What is an API?
An Application Programming Interface (API) is a set of functions that allows applications to access data and interact with external components. An API is essentially a courier that delivers messages from a client to a server and vice versa.
More About APIs
Your phone’s weather app is a perfect example of an API in action. The app obtains data from sources, such as The Weather Channel, via APIs.
APIs can work in four ways:
- Simple Object Access Protocol (SOAP) API. The client and server exchange messages using XML. This is a technique that was popular in the past.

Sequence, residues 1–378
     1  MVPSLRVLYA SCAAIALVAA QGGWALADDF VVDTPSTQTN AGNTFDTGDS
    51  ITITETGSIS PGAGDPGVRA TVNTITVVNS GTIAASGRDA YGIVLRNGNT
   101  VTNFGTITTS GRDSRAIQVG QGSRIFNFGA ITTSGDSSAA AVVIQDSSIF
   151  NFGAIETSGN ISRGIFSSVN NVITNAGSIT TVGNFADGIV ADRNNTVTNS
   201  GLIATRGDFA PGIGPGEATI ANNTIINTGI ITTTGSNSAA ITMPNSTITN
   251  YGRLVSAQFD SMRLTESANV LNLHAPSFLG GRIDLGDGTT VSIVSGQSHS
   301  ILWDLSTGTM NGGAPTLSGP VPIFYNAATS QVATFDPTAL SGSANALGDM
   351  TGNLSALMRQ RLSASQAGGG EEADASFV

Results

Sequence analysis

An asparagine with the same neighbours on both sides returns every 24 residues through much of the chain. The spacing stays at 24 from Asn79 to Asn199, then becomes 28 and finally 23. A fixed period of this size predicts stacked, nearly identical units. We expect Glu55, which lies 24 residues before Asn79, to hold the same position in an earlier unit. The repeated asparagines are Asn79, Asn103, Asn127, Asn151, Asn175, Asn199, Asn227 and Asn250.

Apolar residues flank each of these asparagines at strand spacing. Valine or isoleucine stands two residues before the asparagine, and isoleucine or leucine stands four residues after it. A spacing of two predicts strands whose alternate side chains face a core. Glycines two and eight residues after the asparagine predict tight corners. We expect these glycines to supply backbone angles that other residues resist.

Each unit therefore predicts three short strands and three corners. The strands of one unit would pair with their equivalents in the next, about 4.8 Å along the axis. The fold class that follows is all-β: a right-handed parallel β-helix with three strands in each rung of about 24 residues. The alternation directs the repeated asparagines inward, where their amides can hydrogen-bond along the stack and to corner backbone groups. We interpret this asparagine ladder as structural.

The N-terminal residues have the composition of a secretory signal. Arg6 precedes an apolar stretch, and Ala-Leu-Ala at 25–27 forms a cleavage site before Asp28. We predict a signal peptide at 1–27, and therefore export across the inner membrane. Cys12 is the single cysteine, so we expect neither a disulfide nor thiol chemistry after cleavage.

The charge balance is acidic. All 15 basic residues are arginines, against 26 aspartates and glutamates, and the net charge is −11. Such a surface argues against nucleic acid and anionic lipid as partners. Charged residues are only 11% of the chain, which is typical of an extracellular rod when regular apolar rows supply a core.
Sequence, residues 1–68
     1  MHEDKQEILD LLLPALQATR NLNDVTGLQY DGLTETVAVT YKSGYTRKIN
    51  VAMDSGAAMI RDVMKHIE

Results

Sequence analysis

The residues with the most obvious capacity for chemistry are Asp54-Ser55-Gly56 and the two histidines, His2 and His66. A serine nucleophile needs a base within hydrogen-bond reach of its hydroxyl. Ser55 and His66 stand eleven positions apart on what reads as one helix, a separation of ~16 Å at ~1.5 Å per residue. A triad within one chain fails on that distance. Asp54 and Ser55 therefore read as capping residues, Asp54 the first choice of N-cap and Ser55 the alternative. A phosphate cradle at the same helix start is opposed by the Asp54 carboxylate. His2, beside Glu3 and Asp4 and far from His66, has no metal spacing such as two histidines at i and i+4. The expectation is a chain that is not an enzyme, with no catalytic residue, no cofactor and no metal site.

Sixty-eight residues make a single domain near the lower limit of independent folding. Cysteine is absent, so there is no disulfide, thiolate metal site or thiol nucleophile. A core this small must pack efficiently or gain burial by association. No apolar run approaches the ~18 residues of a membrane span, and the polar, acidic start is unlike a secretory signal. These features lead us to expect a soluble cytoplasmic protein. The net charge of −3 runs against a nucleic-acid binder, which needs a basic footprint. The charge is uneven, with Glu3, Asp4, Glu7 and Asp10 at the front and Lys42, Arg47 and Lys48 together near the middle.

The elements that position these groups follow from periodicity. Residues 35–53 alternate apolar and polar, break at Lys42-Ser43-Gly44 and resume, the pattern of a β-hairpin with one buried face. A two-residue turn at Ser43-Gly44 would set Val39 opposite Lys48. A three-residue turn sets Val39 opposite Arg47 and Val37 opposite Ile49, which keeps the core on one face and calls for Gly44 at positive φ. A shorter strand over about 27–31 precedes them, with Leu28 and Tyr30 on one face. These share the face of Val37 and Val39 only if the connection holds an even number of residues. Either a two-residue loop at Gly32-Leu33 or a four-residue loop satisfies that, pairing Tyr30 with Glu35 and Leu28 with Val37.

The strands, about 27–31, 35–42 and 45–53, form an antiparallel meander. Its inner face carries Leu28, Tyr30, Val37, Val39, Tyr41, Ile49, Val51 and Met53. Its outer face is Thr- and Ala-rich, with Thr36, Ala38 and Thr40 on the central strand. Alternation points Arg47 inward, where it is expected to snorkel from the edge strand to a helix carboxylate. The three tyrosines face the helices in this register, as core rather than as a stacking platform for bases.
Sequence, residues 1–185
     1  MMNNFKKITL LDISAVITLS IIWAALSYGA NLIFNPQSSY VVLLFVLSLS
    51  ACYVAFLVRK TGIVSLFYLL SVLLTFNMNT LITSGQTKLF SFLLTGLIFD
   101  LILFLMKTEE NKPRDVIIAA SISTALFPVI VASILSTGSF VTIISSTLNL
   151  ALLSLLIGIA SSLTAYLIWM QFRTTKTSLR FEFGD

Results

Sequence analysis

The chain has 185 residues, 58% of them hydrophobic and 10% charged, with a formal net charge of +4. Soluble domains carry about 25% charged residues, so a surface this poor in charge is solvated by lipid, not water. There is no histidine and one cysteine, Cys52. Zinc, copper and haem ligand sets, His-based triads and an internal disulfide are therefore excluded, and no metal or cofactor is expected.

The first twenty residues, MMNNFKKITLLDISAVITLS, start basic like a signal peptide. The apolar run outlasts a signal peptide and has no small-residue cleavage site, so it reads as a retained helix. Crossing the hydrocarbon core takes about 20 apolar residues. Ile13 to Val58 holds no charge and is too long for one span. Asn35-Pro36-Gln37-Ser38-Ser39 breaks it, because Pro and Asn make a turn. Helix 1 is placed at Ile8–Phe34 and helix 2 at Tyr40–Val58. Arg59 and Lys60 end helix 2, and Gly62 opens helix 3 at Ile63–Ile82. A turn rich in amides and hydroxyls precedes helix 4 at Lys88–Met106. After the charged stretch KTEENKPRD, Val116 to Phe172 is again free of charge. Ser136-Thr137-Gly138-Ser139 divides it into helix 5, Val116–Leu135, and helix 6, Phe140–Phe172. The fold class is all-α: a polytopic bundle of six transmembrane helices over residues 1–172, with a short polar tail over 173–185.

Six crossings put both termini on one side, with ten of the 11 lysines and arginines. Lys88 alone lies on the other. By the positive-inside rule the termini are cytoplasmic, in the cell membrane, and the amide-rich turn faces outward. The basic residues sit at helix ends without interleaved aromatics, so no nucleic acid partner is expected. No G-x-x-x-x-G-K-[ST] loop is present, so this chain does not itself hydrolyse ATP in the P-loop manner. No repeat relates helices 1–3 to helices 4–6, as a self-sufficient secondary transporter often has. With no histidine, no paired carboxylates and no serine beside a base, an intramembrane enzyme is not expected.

- Remote Procedure Calls (RPC) API. The client completes a function on the server, and the server sends the output back to the client.
- Websocket API. A two-way communication between the client and the server, where the server sends callback messages to the client.
- Representational State Transfer (REST) API. The client sends a request to the server as data. The server then uses this data to complete internal functions and returns output data to the client. This is the most popular technique.